Distributed by Bullfrog Films, PO Box 149, Oley, PA 19547; 800-543-FROG (3764)
Produced by Television Trust for the Environment
Directed by Dick Bower
DVD, color, 23 min.
Jr. High - Sr. High
African Studies, Education, Geography, Political Science, Sociology
Reviewed by Deidra N. Herring, The Ohio State University, Columbus, OH
Date Entered: 9/12/2007
The documentary is a part of a thirteen DVD set focusing on the impact of poverty and other global issues in a variety of developing countries. Schools Out! takes a controversial look at the “grassroots” educational system of West Africa’s largest city, Makoko, a shantytown on the lagoon of Lagos. Parents in these poor communities make many sacrifices in order to pay for their children’s education and enrollment into unregulated private schools versus the free state schools. Although a variety of private schools range in quality and are not regulated by the government, several years of research conducted by Professor James Tooley, from the University of Newcastle upon Tyne, suggests that students receive a better education and score higher on testing than those who attend certified state schools.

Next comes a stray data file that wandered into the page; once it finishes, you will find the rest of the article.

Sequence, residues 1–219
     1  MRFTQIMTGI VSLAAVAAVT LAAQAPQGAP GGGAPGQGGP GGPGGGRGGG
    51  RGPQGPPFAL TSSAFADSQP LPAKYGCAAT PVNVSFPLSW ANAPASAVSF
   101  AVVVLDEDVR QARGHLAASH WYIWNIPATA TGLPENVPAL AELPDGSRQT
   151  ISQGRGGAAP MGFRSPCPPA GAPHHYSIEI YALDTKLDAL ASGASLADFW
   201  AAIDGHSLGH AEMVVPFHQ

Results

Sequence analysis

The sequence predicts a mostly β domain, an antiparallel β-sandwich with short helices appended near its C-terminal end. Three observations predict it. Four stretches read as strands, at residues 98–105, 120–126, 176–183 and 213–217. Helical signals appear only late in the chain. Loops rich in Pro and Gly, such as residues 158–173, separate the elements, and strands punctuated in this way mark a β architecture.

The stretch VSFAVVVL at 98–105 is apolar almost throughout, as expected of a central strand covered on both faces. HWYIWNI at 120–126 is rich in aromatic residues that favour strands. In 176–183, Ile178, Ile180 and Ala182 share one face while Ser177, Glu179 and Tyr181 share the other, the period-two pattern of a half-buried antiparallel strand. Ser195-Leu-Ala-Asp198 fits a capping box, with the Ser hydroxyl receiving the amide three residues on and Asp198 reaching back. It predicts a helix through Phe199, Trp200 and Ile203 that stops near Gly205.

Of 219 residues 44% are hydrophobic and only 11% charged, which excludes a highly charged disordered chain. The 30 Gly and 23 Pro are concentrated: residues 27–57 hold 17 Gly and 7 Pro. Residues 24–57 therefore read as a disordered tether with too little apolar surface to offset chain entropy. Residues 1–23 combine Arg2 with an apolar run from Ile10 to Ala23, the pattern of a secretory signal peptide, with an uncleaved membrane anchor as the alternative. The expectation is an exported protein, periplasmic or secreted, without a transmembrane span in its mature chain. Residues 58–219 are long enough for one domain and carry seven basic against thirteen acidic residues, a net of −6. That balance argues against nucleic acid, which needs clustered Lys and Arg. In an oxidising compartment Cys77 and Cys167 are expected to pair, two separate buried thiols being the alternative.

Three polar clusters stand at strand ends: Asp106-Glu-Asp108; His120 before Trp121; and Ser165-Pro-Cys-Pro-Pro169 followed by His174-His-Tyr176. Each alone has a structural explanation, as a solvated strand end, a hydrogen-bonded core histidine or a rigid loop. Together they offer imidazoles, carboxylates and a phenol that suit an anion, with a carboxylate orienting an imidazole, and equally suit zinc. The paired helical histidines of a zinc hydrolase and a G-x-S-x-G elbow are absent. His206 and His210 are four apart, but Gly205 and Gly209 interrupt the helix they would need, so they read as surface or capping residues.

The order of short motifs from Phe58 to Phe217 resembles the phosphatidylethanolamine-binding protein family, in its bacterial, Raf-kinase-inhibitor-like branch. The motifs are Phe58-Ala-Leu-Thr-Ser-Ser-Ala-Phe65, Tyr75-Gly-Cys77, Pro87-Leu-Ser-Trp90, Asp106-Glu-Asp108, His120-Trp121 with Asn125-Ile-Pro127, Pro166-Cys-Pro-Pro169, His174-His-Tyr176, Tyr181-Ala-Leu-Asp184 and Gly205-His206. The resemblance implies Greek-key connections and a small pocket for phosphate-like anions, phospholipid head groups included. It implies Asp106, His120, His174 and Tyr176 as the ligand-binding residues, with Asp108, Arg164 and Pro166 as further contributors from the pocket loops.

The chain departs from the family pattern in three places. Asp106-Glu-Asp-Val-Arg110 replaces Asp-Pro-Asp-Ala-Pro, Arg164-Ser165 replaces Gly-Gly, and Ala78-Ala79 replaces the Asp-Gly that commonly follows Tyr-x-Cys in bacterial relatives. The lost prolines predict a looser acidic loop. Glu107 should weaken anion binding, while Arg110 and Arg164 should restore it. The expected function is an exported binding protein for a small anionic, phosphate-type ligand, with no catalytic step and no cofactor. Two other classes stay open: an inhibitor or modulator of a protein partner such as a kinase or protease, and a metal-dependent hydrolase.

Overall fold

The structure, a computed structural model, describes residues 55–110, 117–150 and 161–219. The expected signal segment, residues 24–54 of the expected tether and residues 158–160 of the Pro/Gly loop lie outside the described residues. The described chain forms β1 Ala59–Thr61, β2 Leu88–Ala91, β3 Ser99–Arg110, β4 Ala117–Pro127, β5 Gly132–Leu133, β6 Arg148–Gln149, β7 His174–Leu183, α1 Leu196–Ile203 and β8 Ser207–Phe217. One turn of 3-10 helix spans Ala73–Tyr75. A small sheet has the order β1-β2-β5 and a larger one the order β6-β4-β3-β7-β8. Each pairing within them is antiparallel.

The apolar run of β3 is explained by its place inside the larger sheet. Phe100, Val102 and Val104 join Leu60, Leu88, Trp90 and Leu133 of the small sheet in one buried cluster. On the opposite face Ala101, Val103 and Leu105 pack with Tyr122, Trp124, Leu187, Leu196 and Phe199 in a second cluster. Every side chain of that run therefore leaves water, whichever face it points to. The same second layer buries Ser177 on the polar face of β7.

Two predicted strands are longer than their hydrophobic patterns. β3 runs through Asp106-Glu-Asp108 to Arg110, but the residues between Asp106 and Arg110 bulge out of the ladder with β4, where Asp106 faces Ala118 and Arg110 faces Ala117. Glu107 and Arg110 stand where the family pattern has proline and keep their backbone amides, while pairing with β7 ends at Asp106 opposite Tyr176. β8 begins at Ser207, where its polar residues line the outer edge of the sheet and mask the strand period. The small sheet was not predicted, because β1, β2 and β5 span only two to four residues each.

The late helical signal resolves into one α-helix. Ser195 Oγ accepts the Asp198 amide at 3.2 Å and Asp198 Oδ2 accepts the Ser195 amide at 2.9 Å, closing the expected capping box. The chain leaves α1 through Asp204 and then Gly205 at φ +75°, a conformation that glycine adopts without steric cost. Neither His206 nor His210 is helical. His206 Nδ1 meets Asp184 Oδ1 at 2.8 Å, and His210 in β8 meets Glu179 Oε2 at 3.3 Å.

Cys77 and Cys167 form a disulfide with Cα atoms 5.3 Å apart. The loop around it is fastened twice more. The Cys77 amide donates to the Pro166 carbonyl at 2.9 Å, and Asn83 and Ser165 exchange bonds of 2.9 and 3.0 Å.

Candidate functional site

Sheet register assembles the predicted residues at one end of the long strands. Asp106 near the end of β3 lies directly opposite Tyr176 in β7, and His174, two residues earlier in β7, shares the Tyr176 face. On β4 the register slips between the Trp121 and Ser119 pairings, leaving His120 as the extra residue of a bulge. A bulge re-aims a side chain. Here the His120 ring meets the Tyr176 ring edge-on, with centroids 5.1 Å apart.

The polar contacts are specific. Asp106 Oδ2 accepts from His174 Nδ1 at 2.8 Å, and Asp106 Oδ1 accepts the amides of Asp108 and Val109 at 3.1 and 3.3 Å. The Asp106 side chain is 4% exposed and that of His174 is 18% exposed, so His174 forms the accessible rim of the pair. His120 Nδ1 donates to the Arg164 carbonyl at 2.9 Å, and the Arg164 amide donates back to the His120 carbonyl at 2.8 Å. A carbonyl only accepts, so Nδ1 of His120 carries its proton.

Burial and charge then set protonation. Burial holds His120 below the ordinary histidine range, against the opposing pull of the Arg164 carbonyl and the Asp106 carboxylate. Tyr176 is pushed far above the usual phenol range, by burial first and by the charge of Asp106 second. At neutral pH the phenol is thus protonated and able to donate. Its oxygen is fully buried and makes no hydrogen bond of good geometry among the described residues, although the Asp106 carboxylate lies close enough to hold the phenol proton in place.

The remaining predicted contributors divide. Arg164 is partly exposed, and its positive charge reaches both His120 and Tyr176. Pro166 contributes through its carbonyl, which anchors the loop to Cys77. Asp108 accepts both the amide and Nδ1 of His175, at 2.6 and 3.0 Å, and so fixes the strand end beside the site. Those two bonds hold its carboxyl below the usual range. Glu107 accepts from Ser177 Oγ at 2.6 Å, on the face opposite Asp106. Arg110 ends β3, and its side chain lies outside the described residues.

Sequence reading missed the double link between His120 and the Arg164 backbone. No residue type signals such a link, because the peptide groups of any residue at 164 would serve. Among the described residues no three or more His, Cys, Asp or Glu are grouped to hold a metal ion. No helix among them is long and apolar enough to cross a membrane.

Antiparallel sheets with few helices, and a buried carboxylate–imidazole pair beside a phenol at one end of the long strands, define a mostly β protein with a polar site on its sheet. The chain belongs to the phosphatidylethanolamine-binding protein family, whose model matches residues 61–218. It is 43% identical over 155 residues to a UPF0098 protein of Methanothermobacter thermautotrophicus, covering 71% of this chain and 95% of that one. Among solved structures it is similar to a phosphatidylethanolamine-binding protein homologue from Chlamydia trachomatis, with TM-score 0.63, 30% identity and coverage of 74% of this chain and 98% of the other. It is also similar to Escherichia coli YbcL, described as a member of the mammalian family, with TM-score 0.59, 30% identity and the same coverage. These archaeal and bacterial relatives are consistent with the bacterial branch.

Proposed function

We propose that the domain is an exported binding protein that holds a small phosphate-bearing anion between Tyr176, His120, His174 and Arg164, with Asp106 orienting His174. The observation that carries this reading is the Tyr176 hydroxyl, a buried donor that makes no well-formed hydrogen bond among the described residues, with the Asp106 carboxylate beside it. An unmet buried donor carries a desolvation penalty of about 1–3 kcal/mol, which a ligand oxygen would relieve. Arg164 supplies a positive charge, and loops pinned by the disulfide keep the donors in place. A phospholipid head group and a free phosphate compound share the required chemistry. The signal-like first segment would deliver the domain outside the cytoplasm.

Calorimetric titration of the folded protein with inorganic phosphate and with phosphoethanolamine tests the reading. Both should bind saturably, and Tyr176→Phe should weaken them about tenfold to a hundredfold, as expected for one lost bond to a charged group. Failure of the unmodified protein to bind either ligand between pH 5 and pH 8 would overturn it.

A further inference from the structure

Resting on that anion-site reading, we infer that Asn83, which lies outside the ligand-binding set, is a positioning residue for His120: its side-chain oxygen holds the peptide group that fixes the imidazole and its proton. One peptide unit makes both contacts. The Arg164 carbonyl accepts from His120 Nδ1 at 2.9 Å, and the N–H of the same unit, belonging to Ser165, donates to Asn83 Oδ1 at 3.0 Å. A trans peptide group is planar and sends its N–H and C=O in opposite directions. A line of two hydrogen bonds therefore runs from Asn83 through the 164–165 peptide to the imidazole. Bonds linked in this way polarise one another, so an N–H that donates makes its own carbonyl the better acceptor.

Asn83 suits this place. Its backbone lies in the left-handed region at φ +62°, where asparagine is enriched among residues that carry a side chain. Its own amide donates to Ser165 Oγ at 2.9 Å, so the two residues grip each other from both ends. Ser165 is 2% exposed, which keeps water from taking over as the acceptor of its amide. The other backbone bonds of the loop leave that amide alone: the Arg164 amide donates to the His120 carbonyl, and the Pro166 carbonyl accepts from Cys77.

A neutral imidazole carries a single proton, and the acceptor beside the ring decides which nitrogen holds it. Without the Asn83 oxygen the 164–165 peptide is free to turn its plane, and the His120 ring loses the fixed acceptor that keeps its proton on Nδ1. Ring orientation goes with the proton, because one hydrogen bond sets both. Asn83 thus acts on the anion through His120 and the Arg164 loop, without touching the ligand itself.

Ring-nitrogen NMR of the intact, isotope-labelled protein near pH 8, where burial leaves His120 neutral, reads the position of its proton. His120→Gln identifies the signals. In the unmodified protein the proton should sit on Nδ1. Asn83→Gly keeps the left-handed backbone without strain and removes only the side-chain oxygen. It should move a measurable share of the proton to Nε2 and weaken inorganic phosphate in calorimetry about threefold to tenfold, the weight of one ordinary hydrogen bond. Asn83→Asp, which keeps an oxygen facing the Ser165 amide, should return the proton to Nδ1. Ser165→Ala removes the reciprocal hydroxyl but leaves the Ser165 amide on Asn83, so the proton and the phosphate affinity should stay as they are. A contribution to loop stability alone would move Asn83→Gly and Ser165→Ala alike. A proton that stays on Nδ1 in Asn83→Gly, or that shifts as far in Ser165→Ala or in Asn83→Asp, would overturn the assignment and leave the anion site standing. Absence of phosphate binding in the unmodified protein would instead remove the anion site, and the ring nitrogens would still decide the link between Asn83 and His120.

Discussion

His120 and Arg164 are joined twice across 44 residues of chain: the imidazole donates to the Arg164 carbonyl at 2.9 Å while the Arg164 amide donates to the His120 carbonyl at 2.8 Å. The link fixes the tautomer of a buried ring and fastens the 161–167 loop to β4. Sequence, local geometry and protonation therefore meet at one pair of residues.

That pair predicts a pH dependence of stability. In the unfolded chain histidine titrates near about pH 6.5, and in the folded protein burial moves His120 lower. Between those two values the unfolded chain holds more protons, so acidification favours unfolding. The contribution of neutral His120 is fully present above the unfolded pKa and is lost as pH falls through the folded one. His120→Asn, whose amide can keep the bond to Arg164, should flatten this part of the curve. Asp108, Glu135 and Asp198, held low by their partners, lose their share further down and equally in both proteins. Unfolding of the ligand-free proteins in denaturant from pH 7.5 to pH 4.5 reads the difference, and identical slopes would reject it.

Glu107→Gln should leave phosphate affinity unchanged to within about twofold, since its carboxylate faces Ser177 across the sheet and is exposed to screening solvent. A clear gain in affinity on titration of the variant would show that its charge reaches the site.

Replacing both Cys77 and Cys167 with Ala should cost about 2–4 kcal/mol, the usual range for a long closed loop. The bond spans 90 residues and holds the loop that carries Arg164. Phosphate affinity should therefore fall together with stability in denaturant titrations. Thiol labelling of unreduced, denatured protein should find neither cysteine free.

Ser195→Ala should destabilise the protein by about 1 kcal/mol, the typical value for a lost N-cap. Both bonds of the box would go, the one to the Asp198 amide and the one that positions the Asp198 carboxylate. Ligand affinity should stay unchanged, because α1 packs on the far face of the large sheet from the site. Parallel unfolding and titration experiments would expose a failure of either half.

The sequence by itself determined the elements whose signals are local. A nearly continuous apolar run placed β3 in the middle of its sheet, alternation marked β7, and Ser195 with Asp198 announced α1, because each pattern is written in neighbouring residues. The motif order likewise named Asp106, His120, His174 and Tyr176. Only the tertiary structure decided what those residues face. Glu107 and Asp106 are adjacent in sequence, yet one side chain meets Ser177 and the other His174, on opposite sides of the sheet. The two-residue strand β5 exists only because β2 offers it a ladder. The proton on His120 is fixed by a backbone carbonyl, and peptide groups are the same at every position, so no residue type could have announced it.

Do these private institutions do a better job of preparing young students for a brighter future or do they merely represent local convenience and a false sense of status? Compelling arguments are made by various supporters within the community of Makoko as well as free school administrators who are not so eager to support “laissez-faire” institutions harboring unqualified educators. You be the judge of “the good, the bad, and the ugly” within this unique educational system developing around the world.
The film is visually stimulating and is a good introduction to the topics covered. Unfortunately, it lacks depth in identifying specific sources that support the arguments presented in the documentary. Recommended for higher level research projects and as a great resource for public and academic libraries.